Formula view of my method for approximations
Here I will briefly show how I used algorithms on Microsoft Excel to reach my approximations:
As all three rules are actually only approximations there is always error involved, they are all gradually converging towards the actual solution. In reference to my graph the integral section is concave which means that the trapezium rule gives an overestimate and the mid-point rule gives an underestimate. As the number of strips increases the trapezium rule will tend to the solution from above and the mid-point rule will tend from below.
Error in the mid-point rule
In the mid-point rule the error is proportional to the width of the rectangle squared, or in mathematical terms, absolute error Mn= kh2, where k is the constant. If the mid-point rule with n strips has a strip width of h, then the mid-point rule with 2n strips has a strip width of h/2.
Therefore when you double the amount of strips (n) the error decreases by about a factor of 4, the error multiplier is therefore 0.25.
Error in the trapezium rule
The error connected to the trapezium rule is the same as the error in the mid-point rule. That means that when you double the amount of strips (n) the error decreases by about a factor of 4, the error multiplier is therefore 0.25.
Error in Simpson’s rule
Finally, in Simpson’s rule the error is proportional to h4, this means there is a constant, again k, such that absolute error Sn= kh2, where k is the constant. Again, if the Simpson’s rule with n strips has a strip width of h, then the Simpson’s rule with 2n strips has a strip width of h/2.
That shows that doubling n will reduce the error by a factor of 16, therefore the error multiplier is 0.0625.
Ratio of differences
The ‘error multiplier’ mentioned above is the same as the ratio of differences as shown by the image of my data below, the ratio of differences is tending towards 1/4 for the mid-point and trapezium rule and 1/16 for Simpson’s rule.
Extrapolating to infinity
We know that the error is decreasing by a factor of 4 as the number of strips doubles; this means that the error is tending towards 0, using this fact we can work towards extrapolating our approximations to infinity with zero error.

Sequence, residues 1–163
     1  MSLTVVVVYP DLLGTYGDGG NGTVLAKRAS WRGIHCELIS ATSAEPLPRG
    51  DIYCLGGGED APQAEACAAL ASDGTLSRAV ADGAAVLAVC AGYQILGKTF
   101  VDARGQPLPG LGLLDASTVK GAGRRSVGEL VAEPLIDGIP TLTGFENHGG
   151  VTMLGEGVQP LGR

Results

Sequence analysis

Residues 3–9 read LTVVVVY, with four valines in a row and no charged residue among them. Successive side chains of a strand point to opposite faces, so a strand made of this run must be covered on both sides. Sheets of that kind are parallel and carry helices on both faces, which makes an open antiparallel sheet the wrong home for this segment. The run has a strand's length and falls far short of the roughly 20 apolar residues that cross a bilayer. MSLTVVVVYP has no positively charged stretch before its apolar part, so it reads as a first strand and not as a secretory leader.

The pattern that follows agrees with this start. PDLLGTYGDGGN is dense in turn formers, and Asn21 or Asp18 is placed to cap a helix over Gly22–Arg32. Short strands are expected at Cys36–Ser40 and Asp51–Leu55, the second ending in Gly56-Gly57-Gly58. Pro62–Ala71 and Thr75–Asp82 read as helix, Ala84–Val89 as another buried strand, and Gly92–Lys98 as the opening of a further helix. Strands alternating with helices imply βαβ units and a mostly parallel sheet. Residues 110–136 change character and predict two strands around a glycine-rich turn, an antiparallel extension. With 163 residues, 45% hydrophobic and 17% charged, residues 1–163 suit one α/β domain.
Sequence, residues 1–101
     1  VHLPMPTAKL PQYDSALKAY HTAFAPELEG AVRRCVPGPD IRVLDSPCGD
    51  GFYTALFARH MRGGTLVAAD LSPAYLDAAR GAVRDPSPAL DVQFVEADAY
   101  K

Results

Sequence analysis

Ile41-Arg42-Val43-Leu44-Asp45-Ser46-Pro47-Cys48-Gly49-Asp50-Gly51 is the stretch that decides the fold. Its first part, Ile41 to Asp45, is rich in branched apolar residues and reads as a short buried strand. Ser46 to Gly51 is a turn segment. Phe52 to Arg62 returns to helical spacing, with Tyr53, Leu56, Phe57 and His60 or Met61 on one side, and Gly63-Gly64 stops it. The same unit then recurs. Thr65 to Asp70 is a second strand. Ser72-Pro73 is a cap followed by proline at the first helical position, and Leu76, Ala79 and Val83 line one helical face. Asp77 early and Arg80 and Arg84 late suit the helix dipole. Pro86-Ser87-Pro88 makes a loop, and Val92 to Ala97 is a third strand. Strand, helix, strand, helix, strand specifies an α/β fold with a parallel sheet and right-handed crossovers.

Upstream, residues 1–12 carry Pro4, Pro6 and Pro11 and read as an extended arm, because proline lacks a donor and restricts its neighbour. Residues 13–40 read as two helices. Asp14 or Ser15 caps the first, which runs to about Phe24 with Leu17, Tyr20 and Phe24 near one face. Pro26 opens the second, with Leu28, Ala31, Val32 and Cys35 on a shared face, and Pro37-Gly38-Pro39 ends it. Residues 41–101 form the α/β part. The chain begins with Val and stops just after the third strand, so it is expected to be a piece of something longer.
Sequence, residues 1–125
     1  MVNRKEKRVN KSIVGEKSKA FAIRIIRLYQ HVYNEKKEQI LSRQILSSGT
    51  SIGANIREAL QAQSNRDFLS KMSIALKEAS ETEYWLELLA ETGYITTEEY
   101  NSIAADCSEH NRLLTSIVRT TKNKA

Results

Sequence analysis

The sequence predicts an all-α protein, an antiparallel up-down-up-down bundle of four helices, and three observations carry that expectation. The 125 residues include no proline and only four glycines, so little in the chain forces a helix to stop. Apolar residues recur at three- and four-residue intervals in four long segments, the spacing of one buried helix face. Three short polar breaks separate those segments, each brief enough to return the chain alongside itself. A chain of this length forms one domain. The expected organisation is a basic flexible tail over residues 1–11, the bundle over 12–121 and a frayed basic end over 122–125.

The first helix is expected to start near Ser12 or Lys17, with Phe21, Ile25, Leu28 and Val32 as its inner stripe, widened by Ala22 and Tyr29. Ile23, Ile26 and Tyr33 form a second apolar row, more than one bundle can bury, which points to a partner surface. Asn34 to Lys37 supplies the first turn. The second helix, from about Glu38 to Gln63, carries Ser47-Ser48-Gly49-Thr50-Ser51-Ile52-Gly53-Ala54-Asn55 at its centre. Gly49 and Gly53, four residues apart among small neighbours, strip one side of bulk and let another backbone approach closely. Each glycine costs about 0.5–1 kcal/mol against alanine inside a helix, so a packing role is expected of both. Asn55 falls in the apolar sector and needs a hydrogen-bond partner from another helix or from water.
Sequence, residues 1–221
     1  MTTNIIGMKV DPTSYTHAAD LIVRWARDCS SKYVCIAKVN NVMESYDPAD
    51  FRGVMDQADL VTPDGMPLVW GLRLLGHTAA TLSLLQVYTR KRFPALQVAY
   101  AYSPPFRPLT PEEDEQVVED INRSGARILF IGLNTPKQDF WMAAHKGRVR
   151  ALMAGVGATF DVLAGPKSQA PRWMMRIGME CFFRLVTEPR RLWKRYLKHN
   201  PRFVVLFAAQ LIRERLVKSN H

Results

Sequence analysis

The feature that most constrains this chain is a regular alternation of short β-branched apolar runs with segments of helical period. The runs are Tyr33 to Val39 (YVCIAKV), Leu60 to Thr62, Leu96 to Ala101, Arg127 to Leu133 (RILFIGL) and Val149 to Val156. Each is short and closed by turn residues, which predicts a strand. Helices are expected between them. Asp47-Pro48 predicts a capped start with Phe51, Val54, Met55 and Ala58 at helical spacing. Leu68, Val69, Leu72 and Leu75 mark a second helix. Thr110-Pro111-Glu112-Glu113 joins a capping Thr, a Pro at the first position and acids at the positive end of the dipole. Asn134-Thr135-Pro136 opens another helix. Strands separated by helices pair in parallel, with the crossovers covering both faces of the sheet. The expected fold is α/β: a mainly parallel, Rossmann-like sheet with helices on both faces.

The ratio of differences can be expressed as a formula as: or
This means that
And finally this cancels down to
Using this formula we can now extrapolate our answers of M to infinity.
Similarly you can use the formula for in the same way, just replacing M with T due to the error multiplier being the same.
If you follow through the same steps as we did for the mid-point you similarly reach a formula for extrapolating Simpson’s rule to infinity:
So in conclusion I can confidently quote my solution to the integral to 8 significant figures:
This is due to the three approximations that I reached (17 sig figs):
There was however some limitation. The software, Microsoft Excel, only calculated to 15 decimal places inevitably producing minimal amounts of error with each calculation done. To further improve my results I could have used better mathematical software which worked to more decimal places, but for a problem like this Excel was more than sufficient.
The fact that the trapezium rule and the mid-point rule give the same solution up to 8 significant figures guarantees that my solution is valid to this many significant figures. This is because, as I have indicated in the paragraphs dealing with error analysis, in the integral section of my graph the trapezium rule tends towards the solution from above and the mid-point rule from below meaning the solution is between the two. Simpson’s rule, being a weighted average, is more accurate and therefore likewise proves the solution.